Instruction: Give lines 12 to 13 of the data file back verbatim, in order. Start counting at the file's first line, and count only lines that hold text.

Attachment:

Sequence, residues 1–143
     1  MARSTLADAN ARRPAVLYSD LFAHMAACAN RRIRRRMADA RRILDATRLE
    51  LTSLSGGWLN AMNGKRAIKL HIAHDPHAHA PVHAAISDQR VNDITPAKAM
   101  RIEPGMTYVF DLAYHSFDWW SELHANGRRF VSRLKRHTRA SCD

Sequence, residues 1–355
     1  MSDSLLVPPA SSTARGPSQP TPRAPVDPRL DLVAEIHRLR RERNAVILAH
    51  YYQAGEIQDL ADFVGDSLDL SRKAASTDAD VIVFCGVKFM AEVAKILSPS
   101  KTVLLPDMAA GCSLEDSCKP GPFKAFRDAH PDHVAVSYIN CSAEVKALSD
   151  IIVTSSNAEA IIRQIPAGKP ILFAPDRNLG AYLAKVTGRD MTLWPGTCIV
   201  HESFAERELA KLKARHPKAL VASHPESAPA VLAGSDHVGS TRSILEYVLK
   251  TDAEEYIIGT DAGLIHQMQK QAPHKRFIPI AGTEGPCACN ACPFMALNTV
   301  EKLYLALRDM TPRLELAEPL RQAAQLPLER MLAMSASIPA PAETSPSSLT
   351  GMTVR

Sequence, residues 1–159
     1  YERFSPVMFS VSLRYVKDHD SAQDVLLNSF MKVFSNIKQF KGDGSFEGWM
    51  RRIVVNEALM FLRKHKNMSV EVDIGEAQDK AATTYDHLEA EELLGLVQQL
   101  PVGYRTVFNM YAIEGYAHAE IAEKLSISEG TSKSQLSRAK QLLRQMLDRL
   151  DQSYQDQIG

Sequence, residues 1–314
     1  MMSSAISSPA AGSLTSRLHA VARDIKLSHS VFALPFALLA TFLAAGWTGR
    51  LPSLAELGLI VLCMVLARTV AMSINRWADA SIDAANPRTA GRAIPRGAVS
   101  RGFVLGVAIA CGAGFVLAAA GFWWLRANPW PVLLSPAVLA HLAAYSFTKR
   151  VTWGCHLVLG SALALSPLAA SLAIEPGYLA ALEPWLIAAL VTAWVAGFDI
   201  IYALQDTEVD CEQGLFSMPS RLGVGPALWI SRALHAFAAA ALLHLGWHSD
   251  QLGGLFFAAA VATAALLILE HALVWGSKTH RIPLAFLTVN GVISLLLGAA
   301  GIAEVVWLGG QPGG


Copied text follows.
   301  EKLYLALRDM TPRLELAEPL RQAAQLPLER MLAMSASIPA PAETSPSSLT
   351  GMTVR